Suppose v is an eigenvector of the matrix M with eigenvalue.
We then have: (M -I) v = M v -v = 0.
This means that v is in the null space of the matrix M -I, its nullity is at least one, and thereforeM -I.
When M is specified this determinental equation can be written out explicitly and it is a polynomial equation in having degree n. Every eigenvalue of M must obey this equation.
Moreover, if a value of obeys the equation M -I= 0, then the matrix M - I with this value is singular and its nullity is at least 1 so that there is a vector v satisfying (M -I) v = 0.
The equation M -I= 0 is called the characteristic equation for the matrix M. We have just seen that any solution to the characteristic equation is an eigenvalue of M corresponding to at least one eigenvector.
The straightforward way to find an eigenvalue is to write down the characteristic equation and find a solution to it.
Once you know the eigenvalue you can use the equation (M -I) v = 0, to determine v. Since (M -I) v is singular, row reduction will lead you to a subspace of solutions of dimension given by the nullity of this matrix.
We now ask, when can we find a basis of eigenvectors?
The characteristic equation is a polynomial equation of degree n.
Such an equation can have up to n real roots, and in general will have exactly n complex roots, some of which can be multiple ones. ((x-1)2 = 0 has two roots of 1.)
If it has n distinct real roots, then we have n real eigenvalues, and can find n eigenvectors to match. Whether or not the roots are distinct, you can always find a basis consisting of eigenvectors if the matrix is symmetric.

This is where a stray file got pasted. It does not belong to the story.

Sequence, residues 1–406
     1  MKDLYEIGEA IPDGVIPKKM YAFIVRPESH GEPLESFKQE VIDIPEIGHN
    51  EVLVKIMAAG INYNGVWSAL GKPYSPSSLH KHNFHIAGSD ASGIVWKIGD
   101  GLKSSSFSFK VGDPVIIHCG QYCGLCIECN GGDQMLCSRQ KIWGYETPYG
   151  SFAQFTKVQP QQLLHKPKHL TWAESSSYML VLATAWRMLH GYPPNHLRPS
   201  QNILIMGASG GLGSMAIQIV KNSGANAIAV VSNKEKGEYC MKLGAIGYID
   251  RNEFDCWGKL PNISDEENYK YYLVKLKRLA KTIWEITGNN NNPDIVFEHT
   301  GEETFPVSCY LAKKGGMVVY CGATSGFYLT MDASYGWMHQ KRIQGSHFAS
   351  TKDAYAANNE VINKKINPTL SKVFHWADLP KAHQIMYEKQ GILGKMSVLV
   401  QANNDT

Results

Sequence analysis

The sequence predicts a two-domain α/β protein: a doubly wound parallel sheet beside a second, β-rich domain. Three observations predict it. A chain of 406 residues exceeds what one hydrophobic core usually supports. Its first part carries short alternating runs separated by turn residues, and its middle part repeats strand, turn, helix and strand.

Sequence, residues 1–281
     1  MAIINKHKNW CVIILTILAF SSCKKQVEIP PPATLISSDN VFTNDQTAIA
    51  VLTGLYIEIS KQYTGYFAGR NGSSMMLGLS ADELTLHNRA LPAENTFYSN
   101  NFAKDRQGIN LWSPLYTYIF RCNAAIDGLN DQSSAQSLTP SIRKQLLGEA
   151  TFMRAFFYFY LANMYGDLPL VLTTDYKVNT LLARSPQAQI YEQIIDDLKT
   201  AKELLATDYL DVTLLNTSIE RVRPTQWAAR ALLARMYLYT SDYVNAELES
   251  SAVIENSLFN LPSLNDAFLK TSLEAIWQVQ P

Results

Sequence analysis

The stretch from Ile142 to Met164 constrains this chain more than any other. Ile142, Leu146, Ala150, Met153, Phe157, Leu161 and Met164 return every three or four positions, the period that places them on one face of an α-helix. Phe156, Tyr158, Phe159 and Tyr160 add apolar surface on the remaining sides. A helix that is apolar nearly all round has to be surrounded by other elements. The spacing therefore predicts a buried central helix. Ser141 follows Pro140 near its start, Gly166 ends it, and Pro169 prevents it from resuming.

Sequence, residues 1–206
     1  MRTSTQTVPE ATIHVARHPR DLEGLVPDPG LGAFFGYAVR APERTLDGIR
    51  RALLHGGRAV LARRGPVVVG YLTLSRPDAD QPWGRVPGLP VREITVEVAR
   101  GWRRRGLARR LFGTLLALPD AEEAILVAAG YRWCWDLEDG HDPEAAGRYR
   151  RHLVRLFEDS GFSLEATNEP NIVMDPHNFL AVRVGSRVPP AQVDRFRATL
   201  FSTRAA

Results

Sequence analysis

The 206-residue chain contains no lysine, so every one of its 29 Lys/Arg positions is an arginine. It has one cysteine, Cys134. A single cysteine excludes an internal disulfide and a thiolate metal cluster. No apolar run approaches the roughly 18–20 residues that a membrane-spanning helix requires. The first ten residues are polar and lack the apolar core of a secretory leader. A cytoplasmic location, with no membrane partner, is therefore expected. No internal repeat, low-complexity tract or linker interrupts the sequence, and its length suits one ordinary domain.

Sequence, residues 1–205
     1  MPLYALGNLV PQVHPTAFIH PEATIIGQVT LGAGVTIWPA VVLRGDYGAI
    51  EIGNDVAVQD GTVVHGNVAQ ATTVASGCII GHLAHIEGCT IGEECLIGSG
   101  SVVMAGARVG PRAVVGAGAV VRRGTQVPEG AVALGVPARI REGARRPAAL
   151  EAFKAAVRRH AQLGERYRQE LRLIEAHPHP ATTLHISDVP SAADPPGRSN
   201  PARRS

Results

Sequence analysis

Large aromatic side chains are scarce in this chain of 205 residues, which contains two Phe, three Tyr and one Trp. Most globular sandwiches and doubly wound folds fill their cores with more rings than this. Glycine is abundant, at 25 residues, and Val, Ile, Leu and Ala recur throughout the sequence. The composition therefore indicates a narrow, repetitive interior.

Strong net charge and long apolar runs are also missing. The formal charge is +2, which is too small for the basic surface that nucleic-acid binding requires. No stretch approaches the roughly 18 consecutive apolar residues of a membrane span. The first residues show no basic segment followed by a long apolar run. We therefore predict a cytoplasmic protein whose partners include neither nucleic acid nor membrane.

A basis is said to be orthonormal, if its elements each have length 1 and they are mutually perpendicular. Only symmetric matrices have real eigenvalues and real orthonormal bases of eigenvectors.
So far we have assumed that all our numbers are real, and we are then unable to find n eigenvalues and eigenvectors if some of the roots of the characteristic equation are not real. With a small change in definitions required to assure that the dot product of a non-zero vector with itself is always real and positive, it is possible to let our numbers be complex. With complex numbers, the class of polynomial equations with n roots includes all of them, and the only problem with having n eigenvalues comes with matrices whose characteristic equation has multiple roots.
There are some matrices just dont have n distinct dimensions of eigenvectors; the simplest example is the two by two matrix with 1 in the 12 place and 0 elsewhere.
The characteristic equation of a matrix C(x) which is A - x I= 0 can be written in terms of its distinct roots,i , as , where mi is the multiplicity of the eigenvaluei . A diagonal matrix obeys its minimal equation which has the same roots but with all multiplicities 1.
One can show that every matrix satisfies its own characteristic equation; a matrix has a basis of eigenvectors over the complex numbers if and only if it obeys its own minimal equation.